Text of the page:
Video game movies are tricky: You don’t just have to produce something that regular audiences can enjoy; you’ve gotta satisfy the hordes of ravenous gamers who adore the source material, and understand it even better than you. Most of the time, you fail. And that’s where fan movies come in. Created on low budgets, they offer a glimpse into the intense dedication and love gamers have for their favorite franchises. More than that, they show the mainstream what gamers want to see. Here’s a list of the five best gamer fan flicks that outshine their mainstream equivalents — proof alone that Uwe Boll has no right to call himself a professional.
1. Fan Flick: Metal Gear Solid: Philanthropy (2009)
Hollywood Analogue: Lara Croft: Tomb Raider (2001)
Like the Angelina Jolie flick, Metal Gear Solid: Philanthropy plays fast and loose with its source material, ditching everything from the MGS mythology except for the hero, Solid Snake, and the fact that he fights giant, bipedal robot tanks. There’s something to be said for a half-hearted dedication to one’s source: Though both flicks are mixed bags of occasionally thrilling action sequences bookended by irrelevant narrative, they are not tired retreads of the same old stories. But at the end of the day (and even though it’s a close call), it’s more fun to watch a bunch of Italian dudes blowing up robots than it is to watch Angelina Jolie aimlessly pal around with Jon Voight and Daniel Craig.
2. Fan Flick: BloodRayne (2008)
Hollywood Analogue: Uwe Boll’s BloodRayne (2006)
There’s no denying it: this BloodRayne probably isn’t going to blow your mind. It’s amateurishly shot, weirdly paced, and not particularly exciting. And yet, it feels immeasurably superior to Uwe Boll’s big-budget adaptation of the exact same game. Why? Because in the video game, BloodRayne does two things well: she makes awkward-but-kinda-funny sexual innuendos, and she kills Nazis. That’s all anyone could reasonably ask for, and whereas Boll arbitrarily set his movie in medieval times — thus removing those factors — that’s exactly what this fan flick delivers. Granted, the essence in question may be juvenile and impossible to take seriously, but at least the BloodRayne fan movie was intentionally juvenile and impossible to take seriously.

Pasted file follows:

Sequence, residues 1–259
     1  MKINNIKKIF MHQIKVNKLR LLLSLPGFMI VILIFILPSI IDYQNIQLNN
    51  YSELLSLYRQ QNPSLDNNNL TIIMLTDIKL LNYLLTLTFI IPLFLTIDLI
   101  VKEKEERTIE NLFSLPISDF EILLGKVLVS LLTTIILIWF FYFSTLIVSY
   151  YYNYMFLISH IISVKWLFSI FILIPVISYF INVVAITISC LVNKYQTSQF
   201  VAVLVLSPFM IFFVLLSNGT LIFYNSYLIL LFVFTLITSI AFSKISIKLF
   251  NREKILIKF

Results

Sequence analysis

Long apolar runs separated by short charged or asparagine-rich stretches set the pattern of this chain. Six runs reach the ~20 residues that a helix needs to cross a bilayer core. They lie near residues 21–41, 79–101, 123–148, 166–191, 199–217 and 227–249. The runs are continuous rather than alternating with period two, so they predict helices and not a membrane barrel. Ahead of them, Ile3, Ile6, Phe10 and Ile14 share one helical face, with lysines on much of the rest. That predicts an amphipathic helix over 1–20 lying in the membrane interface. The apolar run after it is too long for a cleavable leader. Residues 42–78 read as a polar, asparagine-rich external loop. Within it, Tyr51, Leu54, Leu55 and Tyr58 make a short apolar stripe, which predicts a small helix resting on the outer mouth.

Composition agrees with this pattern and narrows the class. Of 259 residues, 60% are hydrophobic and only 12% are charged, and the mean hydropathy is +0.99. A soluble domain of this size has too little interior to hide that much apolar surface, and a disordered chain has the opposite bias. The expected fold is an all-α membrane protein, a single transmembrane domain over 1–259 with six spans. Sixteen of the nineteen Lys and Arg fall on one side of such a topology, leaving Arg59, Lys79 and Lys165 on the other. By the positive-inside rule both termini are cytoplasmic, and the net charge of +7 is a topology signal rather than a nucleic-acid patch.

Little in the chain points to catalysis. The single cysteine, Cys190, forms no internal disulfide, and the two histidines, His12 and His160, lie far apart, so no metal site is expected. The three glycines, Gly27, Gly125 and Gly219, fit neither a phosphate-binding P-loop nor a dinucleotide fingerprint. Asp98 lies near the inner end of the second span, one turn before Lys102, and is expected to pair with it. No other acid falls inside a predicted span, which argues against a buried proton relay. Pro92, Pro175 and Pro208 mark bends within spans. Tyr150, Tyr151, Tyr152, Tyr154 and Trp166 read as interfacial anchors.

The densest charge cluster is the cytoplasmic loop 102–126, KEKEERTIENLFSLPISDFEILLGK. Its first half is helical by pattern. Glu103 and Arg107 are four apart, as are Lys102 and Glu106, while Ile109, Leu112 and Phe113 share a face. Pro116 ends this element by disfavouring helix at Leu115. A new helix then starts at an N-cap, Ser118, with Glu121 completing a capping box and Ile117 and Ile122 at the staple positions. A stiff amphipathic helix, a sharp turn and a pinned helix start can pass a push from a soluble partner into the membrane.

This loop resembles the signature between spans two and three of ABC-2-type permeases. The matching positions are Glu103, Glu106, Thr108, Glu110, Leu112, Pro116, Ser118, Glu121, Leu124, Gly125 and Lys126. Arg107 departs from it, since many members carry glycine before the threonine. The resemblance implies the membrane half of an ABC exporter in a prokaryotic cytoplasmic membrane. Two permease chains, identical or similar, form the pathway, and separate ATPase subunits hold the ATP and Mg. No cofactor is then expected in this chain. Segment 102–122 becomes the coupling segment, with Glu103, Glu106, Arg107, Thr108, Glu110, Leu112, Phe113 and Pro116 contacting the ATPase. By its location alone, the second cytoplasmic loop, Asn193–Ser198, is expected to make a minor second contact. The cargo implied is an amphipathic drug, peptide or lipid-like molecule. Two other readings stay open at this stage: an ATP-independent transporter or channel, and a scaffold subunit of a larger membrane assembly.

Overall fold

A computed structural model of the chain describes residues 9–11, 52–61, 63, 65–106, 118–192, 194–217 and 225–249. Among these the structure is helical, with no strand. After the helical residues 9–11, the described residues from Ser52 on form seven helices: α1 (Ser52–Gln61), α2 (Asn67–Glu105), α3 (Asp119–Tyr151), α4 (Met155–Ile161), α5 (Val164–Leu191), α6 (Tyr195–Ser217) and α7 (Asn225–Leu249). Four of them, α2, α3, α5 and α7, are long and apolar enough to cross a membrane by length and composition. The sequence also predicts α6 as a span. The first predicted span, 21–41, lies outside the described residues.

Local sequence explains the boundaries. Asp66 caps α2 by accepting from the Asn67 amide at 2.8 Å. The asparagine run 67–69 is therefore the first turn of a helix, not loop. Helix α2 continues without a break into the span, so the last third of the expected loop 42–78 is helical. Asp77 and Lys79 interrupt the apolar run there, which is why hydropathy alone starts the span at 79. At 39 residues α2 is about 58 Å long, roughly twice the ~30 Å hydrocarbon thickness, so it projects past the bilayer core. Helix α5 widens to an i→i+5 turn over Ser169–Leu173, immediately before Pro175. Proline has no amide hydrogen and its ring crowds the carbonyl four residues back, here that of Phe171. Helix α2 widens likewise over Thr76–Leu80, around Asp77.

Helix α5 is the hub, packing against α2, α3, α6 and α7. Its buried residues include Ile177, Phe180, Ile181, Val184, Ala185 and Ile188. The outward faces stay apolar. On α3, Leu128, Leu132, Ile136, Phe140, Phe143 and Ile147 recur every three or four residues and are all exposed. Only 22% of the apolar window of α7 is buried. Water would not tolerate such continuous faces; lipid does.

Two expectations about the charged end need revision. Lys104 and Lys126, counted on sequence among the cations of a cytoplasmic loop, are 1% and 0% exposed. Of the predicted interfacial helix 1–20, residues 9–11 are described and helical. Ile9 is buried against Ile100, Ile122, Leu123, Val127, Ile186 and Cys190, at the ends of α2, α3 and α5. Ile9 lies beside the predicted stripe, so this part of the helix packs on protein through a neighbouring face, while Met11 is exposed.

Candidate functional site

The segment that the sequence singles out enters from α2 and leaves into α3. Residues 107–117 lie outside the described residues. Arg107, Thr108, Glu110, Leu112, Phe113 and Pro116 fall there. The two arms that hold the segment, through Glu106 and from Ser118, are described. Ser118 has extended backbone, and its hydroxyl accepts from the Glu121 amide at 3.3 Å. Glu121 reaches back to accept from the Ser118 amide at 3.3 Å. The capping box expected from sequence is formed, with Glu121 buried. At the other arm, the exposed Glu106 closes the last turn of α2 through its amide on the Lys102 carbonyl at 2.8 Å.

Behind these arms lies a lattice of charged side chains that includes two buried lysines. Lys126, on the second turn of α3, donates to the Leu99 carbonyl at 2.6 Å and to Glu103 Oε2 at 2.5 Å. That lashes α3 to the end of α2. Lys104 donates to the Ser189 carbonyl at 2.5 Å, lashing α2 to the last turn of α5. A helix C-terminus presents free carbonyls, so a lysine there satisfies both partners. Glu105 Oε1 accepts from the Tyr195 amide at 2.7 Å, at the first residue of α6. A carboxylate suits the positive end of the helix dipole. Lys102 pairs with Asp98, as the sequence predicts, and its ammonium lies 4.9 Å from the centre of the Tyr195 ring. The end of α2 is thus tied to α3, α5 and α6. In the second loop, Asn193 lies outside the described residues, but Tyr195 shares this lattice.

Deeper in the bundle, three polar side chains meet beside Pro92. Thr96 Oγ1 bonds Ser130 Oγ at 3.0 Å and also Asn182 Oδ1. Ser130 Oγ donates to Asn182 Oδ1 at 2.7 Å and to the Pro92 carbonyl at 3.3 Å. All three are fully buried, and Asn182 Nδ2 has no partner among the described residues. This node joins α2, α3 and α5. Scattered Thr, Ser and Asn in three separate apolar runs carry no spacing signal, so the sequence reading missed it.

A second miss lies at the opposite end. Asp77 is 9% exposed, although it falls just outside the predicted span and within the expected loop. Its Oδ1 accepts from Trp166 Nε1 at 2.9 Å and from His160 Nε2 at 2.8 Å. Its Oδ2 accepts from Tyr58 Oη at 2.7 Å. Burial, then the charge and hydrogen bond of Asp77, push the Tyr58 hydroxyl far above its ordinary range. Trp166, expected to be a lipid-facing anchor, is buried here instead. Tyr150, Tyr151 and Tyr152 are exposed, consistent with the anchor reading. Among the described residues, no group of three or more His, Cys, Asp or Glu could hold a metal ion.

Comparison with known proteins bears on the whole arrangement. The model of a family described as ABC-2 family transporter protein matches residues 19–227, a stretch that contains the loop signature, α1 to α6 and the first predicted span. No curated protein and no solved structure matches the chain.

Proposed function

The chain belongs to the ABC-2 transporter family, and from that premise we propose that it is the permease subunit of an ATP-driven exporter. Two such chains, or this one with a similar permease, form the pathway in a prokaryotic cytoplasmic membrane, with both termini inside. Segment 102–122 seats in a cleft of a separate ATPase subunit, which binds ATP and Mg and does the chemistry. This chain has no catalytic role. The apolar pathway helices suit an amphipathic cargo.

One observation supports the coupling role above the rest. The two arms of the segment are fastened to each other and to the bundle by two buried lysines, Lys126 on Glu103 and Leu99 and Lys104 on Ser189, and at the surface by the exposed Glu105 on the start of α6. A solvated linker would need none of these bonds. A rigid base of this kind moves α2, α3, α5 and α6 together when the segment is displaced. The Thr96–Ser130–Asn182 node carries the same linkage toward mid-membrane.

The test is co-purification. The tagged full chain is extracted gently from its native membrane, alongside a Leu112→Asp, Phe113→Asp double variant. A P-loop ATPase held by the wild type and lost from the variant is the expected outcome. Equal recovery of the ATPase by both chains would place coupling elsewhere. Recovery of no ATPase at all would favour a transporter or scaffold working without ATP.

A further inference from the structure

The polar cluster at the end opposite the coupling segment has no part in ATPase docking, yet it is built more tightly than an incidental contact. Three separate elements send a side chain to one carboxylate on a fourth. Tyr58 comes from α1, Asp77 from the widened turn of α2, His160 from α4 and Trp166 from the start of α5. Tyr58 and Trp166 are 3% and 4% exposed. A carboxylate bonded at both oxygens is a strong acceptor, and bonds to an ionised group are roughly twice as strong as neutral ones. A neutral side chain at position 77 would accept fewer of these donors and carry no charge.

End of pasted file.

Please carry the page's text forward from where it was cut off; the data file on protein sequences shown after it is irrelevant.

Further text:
3. Fan Flick: Turbo (2009)
Hollywood Analogue: Street Fighter: The Legend of Chun-Li (2009)
The vast majority of video game flicks based on tournament fighting games are really no different than the chopsocky flicks of the ’70s. I’ve said as much before. What also needs to be said, however, is that neo-Kung-Fu flicks like The Legend of Chun-Li very seldom recreate the feel of their source games. The childish glee of triumphing over physically exaggerated opponents is replaced with a cliched revenge plot; magical attack moves are replaced with more realistic armaments. Not so for Turbo. Though not specifically based on an individual fighting game, the costumes and martial arts styles on display are undeniably reminiscent of Street Fighter II. The movie also gets at the heart of what it felt like to be a gamer during the arcade era; to stand in a room full of blinking lights, ready and eager to take on all opponents.
4. Fan Flick: Escape from City 17 (2009)
Hollywood Analogue: Doom (2005)
This Half-Life 2 fan effort is probably closest in spirit to Dwayne Johnson’s Doom, purely due to its subject matter (gruff-looking dudes shooting at things that are sort of aliens, but not), but it actually shares more in common with a considerably more beloved bit of mainstream filmmaking: Children of Men. Filmed in a hand-held guerrilla style and bathed in unusually gorgeous CGI, Escape from City 17 achieves in four minutes what Doom fails to do in two hours (the charmingly excessive first-person sequence notwithstanding): It creates a tangible, oppressive, atmosphere that simultaneously feels faithful to its source material, yet exciting even to those wholly unfamiliar with the Half-Life universe.
5. Fan Flick: Dead Fantasy (2007)
Hollywood Analogue: Final Fantasy VII: Advent Children (2005)
Square Enix’s Advent Children is what we gamers refer to as nerd heroin. The big-screen sequel to one of the most popular Final Fantasy games has no narrative reason to exist other than to allow gamers to watch Cloud Strife and Sephiroth beat the living daylights out of each other. Advent is an undeniably bad movie, but it is, perhaps, bad for the right reasons. Monty Oum’s Dead Fantasy series, on the other hand, is fantastic for those same reasons. Bringing together the characters from the disparate Dead or Alive and Final Fantasy franchises for a protracted battle royale, Oum taps into that most immature part of the nerd subconscious; the part that just wants to see Han Solo fight Indiana Jones fight for 30 minutes in beautifully choreographed CG fights. For the ultimate in video game viewing, this is the movie to see.
But what do you think? Are fan flicks going where no video game movie has gone before? Which ones are your favorite? Let me know in the comments.Read More